Sometimes, the things I stumble into are far more rewarding than the things I plan. Such was the case at the recent Values Voter Summit in Washington, D.C. I had looked forward to a panel on abolition of the death penalty, featuring two speakers not normally found in a roomful of social conservatives. I saw shortly before I left for Washington that the scheduled panel on criminal justice had been changed: new name, new speakers. Not what I expected.
And that’s fine. If I’d gotten what I expected, I’d have missed the pleasure of meeting Craig DeRoche, executive director of Justice Fellowship. I met him in the conference’s exhibit hall, and I wish I’d had the presence of mind to record our conversation. A real interview would be a treat.
Hearing how I had been hoping for a conference session on the death penalty, he warned me that wasn’t his topic for the day. Instead, he was there to speak about criminal justice and addiction, and how so many people tied up in one are also tied up in the other. Craig describes his mission this way: “to change the American justice system and the way we treat those afflicted with or affected by addiction.” Justice Fellowship is the advocacy arm of Prison Fellowship, the ministry founded by the late Chuck Colson.
Craig isn’t working from a theoretical perspective. A former Speaker of the House in Michigan, his addiction to alcohol led to two arrests. He knows firsthand about rehab and court-ordered conditions, and about how addiction and prosecution affect whole families. He now knows what a public official’s life looks like to search engines after a fall from grace. He knows what it feels like to realize that prosecutors just might have political motives for some of their decisions. Now, with so much behind him, he could be forgiven for wanting to retreat from the public eye. Instead, he’s guiding Justice Fellowship.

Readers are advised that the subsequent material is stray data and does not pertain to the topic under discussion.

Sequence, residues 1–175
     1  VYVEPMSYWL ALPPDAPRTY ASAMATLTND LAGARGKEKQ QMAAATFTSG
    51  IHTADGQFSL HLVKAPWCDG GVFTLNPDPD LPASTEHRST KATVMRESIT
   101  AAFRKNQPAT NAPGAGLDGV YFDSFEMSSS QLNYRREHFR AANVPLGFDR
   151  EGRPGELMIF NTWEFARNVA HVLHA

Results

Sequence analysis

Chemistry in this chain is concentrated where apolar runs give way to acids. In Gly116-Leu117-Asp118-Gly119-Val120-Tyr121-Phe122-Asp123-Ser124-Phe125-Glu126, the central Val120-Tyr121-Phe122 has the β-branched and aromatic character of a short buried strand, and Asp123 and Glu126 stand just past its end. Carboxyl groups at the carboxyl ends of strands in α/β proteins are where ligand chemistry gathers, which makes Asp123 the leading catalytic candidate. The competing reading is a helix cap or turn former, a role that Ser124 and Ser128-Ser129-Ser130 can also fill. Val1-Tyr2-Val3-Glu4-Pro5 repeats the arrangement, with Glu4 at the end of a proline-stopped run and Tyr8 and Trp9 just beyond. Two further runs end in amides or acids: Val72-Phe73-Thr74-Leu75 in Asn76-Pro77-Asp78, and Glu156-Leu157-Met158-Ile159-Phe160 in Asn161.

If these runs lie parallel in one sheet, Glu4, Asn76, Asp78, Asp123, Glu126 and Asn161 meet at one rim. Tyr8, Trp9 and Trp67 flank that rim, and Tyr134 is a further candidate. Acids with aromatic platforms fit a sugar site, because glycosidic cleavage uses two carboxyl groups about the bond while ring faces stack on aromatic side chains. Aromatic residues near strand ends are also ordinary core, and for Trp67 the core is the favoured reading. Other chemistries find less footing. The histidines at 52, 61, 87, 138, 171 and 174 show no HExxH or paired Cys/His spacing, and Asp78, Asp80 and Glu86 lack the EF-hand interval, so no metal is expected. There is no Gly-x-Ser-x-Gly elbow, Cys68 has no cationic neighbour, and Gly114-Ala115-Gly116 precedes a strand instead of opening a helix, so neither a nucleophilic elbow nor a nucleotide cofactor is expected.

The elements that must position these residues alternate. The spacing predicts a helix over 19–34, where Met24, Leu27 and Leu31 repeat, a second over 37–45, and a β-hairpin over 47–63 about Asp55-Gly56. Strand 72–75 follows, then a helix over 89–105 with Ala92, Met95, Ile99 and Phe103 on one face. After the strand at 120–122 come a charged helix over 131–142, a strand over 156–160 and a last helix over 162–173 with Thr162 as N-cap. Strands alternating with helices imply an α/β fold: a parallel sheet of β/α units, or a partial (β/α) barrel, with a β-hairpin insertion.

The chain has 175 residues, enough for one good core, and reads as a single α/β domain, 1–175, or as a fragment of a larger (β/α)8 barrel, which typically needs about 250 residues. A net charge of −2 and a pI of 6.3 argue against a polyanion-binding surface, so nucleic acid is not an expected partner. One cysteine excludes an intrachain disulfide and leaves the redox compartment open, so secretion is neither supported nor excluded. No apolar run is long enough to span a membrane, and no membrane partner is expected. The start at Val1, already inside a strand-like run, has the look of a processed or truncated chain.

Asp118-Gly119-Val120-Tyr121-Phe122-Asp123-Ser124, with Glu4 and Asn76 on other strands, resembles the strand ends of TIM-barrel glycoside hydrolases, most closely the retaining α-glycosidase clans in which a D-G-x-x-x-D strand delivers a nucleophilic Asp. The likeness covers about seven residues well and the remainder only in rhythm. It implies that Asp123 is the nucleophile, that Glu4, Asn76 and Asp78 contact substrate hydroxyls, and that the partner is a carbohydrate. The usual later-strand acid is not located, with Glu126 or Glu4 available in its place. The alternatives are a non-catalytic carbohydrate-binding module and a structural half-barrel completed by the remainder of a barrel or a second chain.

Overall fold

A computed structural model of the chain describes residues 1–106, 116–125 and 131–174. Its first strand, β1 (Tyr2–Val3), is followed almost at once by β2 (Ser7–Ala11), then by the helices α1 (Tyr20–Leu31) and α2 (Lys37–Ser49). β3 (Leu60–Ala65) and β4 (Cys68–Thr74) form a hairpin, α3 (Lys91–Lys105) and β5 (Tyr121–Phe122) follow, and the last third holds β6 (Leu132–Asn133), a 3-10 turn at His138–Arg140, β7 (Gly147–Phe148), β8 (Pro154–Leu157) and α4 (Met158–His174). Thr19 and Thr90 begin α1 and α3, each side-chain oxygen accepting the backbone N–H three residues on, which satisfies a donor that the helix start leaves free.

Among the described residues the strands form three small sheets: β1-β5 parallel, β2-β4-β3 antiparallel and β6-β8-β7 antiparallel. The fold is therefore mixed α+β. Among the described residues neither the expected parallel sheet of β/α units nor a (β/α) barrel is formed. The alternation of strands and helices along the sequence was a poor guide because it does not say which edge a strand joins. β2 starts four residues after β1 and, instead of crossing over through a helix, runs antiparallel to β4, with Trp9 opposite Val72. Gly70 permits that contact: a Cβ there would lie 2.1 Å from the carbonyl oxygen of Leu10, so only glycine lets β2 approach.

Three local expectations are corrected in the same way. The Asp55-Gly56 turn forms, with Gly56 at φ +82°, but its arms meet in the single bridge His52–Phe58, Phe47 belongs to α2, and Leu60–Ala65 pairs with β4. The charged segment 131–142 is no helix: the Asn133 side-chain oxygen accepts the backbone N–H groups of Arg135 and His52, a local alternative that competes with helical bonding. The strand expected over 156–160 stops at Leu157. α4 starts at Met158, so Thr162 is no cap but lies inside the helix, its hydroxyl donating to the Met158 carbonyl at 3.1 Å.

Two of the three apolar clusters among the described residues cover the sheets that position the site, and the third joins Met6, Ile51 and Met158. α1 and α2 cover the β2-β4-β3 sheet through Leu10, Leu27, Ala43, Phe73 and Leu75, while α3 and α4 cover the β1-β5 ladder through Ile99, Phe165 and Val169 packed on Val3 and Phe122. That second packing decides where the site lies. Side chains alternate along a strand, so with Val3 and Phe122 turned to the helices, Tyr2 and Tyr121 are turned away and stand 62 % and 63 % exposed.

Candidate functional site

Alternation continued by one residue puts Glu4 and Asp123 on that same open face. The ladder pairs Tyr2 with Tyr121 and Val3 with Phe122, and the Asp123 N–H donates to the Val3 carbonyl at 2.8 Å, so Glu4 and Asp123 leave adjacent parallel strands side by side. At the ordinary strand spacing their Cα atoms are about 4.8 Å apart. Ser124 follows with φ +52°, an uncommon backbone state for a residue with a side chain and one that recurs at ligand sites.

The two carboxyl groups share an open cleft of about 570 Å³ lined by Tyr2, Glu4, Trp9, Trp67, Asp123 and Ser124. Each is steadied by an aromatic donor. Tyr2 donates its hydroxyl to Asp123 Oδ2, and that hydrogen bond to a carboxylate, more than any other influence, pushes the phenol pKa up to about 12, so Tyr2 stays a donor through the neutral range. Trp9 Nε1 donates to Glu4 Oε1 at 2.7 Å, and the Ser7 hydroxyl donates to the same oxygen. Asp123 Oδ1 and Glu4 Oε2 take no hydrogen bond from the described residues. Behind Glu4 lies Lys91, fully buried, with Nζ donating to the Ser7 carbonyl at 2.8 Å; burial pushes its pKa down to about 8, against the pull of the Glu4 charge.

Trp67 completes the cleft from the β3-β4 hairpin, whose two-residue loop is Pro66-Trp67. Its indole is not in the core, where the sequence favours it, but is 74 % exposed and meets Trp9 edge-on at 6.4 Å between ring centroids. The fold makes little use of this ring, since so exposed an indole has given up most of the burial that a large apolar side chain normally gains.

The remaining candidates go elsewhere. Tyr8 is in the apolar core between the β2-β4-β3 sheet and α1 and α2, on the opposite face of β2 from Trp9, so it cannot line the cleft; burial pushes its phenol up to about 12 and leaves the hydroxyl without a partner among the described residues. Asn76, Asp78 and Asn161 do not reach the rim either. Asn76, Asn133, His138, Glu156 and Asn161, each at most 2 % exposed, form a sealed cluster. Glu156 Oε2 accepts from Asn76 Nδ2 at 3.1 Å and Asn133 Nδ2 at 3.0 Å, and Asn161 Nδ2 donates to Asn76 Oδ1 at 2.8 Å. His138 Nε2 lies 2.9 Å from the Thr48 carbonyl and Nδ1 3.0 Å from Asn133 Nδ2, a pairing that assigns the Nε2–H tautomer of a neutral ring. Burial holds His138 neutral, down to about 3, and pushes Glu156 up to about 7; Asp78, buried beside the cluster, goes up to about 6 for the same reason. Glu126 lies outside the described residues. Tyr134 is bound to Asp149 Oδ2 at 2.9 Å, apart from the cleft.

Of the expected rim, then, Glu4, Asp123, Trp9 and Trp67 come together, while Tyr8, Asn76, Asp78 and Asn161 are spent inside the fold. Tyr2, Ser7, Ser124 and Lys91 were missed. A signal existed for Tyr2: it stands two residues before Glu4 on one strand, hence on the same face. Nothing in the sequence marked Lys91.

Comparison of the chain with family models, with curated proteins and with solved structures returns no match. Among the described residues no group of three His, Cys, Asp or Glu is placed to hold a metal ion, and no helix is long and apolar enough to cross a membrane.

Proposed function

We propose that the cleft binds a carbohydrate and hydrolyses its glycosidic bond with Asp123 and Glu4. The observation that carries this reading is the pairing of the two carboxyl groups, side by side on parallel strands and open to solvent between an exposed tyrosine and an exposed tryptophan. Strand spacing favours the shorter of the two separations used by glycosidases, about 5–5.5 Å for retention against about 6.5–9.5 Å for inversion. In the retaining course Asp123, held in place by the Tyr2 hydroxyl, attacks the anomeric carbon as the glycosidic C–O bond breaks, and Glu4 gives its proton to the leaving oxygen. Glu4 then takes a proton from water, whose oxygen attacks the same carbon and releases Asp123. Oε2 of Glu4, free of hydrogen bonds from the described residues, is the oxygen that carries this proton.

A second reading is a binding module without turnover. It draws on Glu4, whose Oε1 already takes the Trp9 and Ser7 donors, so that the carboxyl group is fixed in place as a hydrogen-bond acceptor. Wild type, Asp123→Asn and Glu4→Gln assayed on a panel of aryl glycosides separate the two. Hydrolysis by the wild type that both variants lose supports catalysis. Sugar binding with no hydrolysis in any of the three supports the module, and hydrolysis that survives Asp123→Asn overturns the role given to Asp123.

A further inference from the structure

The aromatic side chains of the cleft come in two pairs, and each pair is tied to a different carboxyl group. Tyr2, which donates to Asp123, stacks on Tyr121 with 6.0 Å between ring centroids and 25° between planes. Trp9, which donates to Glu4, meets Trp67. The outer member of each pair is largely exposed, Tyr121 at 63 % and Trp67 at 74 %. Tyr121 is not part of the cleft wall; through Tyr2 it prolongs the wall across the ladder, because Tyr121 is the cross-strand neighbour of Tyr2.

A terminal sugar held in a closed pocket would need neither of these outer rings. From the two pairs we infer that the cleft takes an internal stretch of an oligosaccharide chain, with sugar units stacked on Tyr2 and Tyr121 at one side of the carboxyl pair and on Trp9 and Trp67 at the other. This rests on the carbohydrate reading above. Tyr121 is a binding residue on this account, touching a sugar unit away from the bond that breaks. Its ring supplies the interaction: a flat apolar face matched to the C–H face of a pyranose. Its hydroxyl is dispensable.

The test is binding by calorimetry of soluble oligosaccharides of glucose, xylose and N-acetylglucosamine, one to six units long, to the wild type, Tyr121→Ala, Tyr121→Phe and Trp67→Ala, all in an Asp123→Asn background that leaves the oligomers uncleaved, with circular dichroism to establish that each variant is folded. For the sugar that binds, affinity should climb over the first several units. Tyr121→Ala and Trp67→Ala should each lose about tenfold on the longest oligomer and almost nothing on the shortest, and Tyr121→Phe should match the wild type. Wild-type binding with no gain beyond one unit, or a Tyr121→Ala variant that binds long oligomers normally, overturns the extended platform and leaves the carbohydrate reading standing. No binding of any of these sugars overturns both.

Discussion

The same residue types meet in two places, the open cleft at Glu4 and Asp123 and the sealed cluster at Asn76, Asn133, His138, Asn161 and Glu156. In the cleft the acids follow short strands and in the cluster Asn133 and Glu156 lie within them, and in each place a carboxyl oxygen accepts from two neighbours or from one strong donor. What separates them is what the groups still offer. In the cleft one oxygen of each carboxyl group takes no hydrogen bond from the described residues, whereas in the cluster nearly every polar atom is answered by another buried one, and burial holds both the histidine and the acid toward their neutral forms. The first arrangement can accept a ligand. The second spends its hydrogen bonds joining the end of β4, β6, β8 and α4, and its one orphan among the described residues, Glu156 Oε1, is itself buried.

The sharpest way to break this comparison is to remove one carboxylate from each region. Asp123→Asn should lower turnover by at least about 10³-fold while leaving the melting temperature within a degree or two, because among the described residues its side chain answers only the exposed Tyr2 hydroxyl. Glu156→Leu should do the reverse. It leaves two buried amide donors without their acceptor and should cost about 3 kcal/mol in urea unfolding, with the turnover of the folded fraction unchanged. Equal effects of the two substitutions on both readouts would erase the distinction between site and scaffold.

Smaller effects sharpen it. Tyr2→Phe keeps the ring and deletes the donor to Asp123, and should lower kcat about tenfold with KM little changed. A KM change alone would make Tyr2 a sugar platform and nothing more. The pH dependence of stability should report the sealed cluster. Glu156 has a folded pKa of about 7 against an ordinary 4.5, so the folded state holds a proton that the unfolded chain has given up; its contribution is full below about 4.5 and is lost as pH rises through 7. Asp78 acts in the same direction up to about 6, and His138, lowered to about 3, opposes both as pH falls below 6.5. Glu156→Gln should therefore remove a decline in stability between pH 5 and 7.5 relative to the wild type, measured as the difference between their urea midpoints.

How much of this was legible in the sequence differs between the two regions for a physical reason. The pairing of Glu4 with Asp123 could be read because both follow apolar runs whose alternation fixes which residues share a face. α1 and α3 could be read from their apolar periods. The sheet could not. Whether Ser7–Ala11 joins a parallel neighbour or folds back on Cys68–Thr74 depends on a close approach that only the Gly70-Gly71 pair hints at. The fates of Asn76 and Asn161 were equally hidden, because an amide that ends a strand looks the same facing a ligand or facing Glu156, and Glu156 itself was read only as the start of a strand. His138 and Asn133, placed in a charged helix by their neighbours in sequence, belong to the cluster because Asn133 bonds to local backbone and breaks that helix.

At the end of our conversation, he handed me his book Highly Functional, gratis. I stayed up late that evening to read it. I recommend it for the down-to-earth manner in which he narrates the messiest parts of his life without sensationalism or self-pity. How he got from where he was – youngest Speaker ever in the Michigan House – to where he is makes for a story that just might hit some familiar notes for anyone who is or has lived with a “highly functional” substance abuser.
Towards the end of the book, he relates a story about how legislation supported by the Justice Foundation has done well in some states. Asked how he got bipartisanship on the bills, he rejected the very term. Instead, he said, principles and values won the day. It’s a fascinating chapter of the book, enriched by the comments on the same bills by an NAACP executive who supported them. Craig’s summary gave me something to think about.
I assured the crowd that the ability to convene discussions about principles and where they align has been discouraged in modern politics and the media. The government, federally and in the states, is set up where no one can win outright. This is done for good reason. To believe that compromise involves the disregard of principle is to feed on and encourage the worst human behavior possible for a person in elective office.